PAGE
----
The One Attribute That Makes A Big Difference

Written by Sean McPheat | Linkedin thumb

be curiousSalespeople often ask which is the most important skill they need to be successful in modern-day sales.

Personally, I don’t believe there is just one skill that will put someone head and shoulders above the rest. But if I was forced to choose one skill, attribute, belief, characteristic or attitude that would serve a salesperson best in the new world of sales it would be ‘curiosity‘.

Does that surprise you? Has it piqued your interest? Has it raised debate in your mind as to whether you agree or not?

Then I have induced curiosity into your thought patterns!

These days we are far too quick to judge whether something is true or if we agree with it. Someone states a belief…we hear it and filter it through our belief systems…we interpret its meaning….we bounce it around our minds and contrast it with other ideas…we determine if it’s right or wrong based on our views of the world…we make conclusions….we judge, condemn, criticise in our mind…then we express our opinion.

All in a fraction of a second.

Consciously, we are not always aware of how we came to that conclusion. All we know is that the other person has a different opinion to ours. Many people think that now is the time to set them straight, show them the error of their ways and bring them back to the road of fact and truth.

Yes, they air their own opinions, sometimes diametrically opposite to the other person’s view.

This spurs a defensive reaction from the other person, determined to support their view with more opinions and ideas, driven on by them having to justify their position.

Hs this ever happened to you? Is coal black?

Well, one way this situation can be softened is by concentrating on being curious. Curiosity is a mindset that evokes questions, enquiry and deep thoughtfulness. It goes deeper than surface level because it digs up what facets lie beneath the belief or opinion. It creates quality conversations because it unravels deep-seated concepts and highlights hidden ideologies without being judgemental.

Imagine you’re in a prospect meeting, and they give an opinion or statement that you disagree with. The conversation could go something like this:

“Well, we’ve tried this kind of product before, and it didn’t work, so I’m sorry but we’ll stick with what we’ve got”

You reply, “But our product is different…just try it out and see how it improves performance…”

“No, as I said, we’re happy with what we’ve got”

You reply, “If you just give it a go, I’m sure you’ll be delighted with the results. I can guarantee you’ll see improvements…”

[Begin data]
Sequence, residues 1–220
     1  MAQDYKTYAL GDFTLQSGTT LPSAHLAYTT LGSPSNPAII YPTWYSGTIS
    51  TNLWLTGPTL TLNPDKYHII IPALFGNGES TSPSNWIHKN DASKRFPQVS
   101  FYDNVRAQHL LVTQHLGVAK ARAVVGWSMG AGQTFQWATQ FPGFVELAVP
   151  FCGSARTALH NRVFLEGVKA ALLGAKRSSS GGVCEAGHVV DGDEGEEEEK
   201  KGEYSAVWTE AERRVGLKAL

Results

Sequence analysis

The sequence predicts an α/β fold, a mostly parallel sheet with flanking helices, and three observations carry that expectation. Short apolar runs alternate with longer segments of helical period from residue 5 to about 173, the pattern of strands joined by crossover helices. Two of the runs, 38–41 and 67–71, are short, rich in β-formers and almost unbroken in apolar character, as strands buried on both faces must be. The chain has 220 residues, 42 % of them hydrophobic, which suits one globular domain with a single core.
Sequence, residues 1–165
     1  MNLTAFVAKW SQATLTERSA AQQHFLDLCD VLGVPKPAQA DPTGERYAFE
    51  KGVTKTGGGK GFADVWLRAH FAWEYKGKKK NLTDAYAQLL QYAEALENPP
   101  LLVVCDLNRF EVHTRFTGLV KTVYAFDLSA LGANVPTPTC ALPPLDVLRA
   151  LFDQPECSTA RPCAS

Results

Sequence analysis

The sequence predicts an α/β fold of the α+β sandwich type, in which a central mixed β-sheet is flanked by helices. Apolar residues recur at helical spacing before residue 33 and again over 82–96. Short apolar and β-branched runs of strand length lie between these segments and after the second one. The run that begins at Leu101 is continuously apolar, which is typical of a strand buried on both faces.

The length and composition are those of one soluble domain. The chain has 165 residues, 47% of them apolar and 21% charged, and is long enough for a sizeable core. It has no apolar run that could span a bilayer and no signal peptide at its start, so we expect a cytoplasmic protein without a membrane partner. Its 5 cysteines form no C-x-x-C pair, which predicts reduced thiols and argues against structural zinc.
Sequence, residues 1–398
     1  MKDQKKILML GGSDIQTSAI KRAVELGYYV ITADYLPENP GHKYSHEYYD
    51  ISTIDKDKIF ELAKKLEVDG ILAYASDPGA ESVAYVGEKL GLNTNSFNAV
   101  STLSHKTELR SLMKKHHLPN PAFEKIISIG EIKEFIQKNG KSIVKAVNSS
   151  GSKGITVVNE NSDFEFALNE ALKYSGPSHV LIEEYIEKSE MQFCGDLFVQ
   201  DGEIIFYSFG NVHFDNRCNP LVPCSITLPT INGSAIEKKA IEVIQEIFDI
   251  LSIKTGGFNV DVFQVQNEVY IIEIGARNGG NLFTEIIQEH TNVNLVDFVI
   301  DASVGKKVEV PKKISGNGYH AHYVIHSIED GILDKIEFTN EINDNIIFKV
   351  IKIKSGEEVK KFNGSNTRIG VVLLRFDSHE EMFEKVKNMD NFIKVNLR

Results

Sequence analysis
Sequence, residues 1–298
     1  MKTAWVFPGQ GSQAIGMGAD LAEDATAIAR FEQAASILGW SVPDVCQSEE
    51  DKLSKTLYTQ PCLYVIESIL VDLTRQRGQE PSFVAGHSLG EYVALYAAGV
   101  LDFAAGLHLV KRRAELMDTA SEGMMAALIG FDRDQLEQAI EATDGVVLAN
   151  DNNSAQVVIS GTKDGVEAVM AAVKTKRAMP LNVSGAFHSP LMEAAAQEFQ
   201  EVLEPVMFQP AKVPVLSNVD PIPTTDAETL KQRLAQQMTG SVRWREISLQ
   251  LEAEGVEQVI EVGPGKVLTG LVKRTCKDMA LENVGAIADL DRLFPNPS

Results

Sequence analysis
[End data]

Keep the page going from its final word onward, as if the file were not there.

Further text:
“Look…which part of ‘no’ don’t you understand…!!!”

The salesperson has simply been pushy and hasn’t heard the signals the prospect is sending out. If he had shown curiosity first, it would have uncovered the real objection and identified the way forward. Here’s the same example again, this time with the salesperson showing a curious mindset:

“Well, we’ve tried this kind of product before, and it didn’t work, so I’m sorry but we’ll stick with what we’ve got”

You reply, “That’s interesting…when did you try it, and what were the circumstances?”

“About two years ago, and it was no better than our current widget. Productivity wasn’t affected and it cost more to run, so we stayed with what we already had”

You reply, “I see…and are there any circumstances that would make you think about changing now?”

“Well, only if it could be proved that productivity and profitability would be increased”

You reply, “So, if I could prove to you that those areas would improve, would this be something you might consider?”

“If it was worth the change in the long run, I might take a look at it, yes”.

Here, the simple idea of being curious opened up the discussion to determine how the product could benefit the prospect. There was no pushing of the product or trying to force it onto the prospect…the salesperson simply enquired about what the circumstances were that brought the prospect to that conclusion.

So, the next time someone states an opinion or idea, resist the temptation to jump in with your opinion. Stop for a moment and think to yourself, “I wonder why they think that? I wonder what brought them to that conclusion?”

That curious frame of mind might help you to dig deeper and identify the real facts that might be lurking beneath the surface. You will find out more information and create a framework to build real solutions from that won’t tread on their well-formed beliefs.

Looking for more tips on becoming a great salesperson? These articles will help:

Happy Selling!


Sean McPheat

Sean McPheat
Managing Director

MTD Sales Training | Image courtesy of Patricia Glogowski at

450 sales questions free report

Originally published: 10 April, 2013

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